Nevada first to test paper-trail election machines
Nevada’s upcoming primary election will mark the first use by a state of touch-screen voting machines that print paper receipts – and officials say the state’s getting a lot of national attention as a result.
“Nevada has received national recognition and interest as a result of the decision to include a paper trail with our touch-screen systems,” Secretary of State Dean Heller said Thursday.
Heller added that many election officials from other states want to see how the system works, so he’s invited them to watch early voting Aug. 28, in advance of the Sept. 7 primary. He also invited members of the federal Election Assistance Commission.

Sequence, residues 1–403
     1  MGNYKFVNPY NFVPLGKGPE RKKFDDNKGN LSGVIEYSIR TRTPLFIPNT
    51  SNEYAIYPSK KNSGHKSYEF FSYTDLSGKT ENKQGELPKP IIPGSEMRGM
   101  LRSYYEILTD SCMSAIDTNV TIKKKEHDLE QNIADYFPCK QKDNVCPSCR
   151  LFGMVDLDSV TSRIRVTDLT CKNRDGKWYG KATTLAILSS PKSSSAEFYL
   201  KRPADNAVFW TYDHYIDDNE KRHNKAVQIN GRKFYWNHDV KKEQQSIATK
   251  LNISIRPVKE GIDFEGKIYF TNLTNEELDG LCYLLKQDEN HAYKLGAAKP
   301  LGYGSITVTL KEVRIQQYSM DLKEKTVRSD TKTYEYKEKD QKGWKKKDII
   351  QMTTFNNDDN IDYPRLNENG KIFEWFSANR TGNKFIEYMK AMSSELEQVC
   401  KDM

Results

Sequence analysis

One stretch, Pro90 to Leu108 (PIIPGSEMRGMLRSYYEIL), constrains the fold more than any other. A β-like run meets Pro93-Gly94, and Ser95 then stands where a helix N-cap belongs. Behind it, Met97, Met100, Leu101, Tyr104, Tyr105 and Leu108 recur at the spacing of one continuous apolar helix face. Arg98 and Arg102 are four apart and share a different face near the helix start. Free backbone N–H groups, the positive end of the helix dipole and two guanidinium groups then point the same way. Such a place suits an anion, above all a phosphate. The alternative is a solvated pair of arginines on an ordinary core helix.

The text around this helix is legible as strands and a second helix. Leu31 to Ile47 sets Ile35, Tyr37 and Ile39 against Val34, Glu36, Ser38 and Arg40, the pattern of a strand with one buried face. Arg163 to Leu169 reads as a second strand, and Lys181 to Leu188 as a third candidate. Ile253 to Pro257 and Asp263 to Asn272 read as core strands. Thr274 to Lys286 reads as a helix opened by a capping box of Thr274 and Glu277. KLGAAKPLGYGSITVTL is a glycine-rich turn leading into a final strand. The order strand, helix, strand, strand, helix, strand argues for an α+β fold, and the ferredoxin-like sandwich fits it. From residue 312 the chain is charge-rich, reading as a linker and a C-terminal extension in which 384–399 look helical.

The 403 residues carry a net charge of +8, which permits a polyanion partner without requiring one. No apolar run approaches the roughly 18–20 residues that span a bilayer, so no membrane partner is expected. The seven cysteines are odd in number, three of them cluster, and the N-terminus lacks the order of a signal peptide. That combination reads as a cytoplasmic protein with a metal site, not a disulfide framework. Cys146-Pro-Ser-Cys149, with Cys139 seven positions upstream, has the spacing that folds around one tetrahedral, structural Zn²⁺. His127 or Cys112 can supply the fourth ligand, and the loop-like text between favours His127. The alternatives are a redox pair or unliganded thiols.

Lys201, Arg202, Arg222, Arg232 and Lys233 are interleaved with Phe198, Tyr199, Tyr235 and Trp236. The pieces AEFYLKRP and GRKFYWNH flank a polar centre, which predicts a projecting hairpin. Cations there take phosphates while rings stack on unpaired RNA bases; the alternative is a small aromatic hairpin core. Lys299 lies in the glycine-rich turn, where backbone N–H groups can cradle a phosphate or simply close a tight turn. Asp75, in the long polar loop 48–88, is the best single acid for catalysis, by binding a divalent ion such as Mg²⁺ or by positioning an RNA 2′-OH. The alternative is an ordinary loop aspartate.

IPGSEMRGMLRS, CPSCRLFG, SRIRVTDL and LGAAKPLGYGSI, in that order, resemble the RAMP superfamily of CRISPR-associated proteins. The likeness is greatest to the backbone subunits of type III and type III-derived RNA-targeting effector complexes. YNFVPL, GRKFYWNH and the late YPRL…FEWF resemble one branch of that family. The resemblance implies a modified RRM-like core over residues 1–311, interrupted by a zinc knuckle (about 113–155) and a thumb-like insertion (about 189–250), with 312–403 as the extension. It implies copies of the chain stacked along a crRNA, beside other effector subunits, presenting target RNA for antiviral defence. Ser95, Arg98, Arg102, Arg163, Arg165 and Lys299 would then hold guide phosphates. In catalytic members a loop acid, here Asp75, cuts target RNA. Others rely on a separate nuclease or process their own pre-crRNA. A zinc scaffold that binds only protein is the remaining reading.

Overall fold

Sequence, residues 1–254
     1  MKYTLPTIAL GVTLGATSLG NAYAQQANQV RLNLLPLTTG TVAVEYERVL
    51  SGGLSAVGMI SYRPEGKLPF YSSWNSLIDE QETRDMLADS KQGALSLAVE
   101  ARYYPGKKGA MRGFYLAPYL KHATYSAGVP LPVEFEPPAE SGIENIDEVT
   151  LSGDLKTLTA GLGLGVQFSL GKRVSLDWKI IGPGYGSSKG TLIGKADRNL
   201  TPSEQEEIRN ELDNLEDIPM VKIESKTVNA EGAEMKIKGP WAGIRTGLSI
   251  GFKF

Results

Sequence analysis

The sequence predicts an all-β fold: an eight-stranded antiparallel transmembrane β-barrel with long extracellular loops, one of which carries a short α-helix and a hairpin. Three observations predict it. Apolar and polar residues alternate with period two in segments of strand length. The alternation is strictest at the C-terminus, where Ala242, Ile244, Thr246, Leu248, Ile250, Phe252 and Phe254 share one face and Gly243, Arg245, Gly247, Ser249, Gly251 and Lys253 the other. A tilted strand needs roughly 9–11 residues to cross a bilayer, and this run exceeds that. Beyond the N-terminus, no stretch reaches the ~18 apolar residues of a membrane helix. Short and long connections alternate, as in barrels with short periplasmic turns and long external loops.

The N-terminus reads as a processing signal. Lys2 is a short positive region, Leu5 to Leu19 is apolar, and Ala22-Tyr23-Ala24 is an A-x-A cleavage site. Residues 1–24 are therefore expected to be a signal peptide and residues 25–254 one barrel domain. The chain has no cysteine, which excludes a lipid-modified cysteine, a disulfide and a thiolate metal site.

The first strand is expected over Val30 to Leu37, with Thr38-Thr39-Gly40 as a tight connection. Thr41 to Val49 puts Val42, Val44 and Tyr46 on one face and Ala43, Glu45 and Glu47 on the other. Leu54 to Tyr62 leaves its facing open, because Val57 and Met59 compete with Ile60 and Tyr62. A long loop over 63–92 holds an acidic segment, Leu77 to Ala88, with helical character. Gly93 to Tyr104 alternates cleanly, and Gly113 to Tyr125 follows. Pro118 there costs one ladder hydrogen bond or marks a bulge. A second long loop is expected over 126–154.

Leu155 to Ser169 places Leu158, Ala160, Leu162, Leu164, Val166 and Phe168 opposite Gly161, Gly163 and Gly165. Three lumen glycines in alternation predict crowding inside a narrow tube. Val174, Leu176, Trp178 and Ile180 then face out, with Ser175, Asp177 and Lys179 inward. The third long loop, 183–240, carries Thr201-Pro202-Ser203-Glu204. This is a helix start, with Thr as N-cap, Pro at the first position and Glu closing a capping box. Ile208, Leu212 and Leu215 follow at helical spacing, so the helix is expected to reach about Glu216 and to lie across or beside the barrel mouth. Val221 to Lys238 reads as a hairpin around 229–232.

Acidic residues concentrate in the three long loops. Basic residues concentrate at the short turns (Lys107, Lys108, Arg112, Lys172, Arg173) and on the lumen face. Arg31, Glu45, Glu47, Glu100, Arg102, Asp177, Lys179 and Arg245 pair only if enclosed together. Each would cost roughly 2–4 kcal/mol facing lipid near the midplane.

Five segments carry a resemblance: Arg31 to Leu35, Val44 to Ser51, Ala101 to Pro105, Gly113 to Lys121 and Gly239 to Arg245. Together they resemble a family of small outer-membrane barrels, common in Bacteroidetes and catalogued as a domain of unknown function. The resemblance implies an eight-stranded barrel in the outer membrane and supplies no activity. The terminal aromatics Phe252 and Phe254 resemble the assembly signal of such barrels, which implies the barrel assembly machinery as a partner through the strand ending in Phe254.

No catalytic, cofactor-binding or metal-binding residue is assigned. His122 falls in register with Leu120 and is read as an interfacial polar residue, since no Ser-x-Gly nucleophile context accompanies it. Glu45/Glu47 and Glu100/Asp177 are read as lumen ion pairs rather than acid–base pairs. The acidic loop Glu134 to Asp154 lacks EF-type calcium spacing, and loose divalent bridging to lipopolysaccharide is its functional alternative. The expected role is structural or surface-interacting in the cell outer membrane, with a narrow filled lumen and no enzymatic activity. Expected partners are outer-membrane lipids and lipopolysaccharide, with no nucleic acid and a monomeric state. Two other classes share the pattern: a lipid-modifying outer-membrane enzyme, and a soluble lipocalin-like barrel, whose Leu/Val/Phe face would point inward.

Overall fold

Heller arranged with Clark County Registrar of Voters Larry Lomax to let the visiting officials tour the county’s election center on Aug. 28 and see the Sequoia Voting Systems machines and printers in action during early voting.
In December, Heller decertified all punch-card voting machines and said touch-screen machines would be purchased from Sequoia. He also said all the machines had to include a voter-verifiable paper audit trail, or V-PAT, printer.
All Nevadans will be able to vote in the Sept. 7 primary and the Nov. 2 general election on the touch-screen machines that print paper receipts on a roll of paper attached to the left of the touch-screen terminal.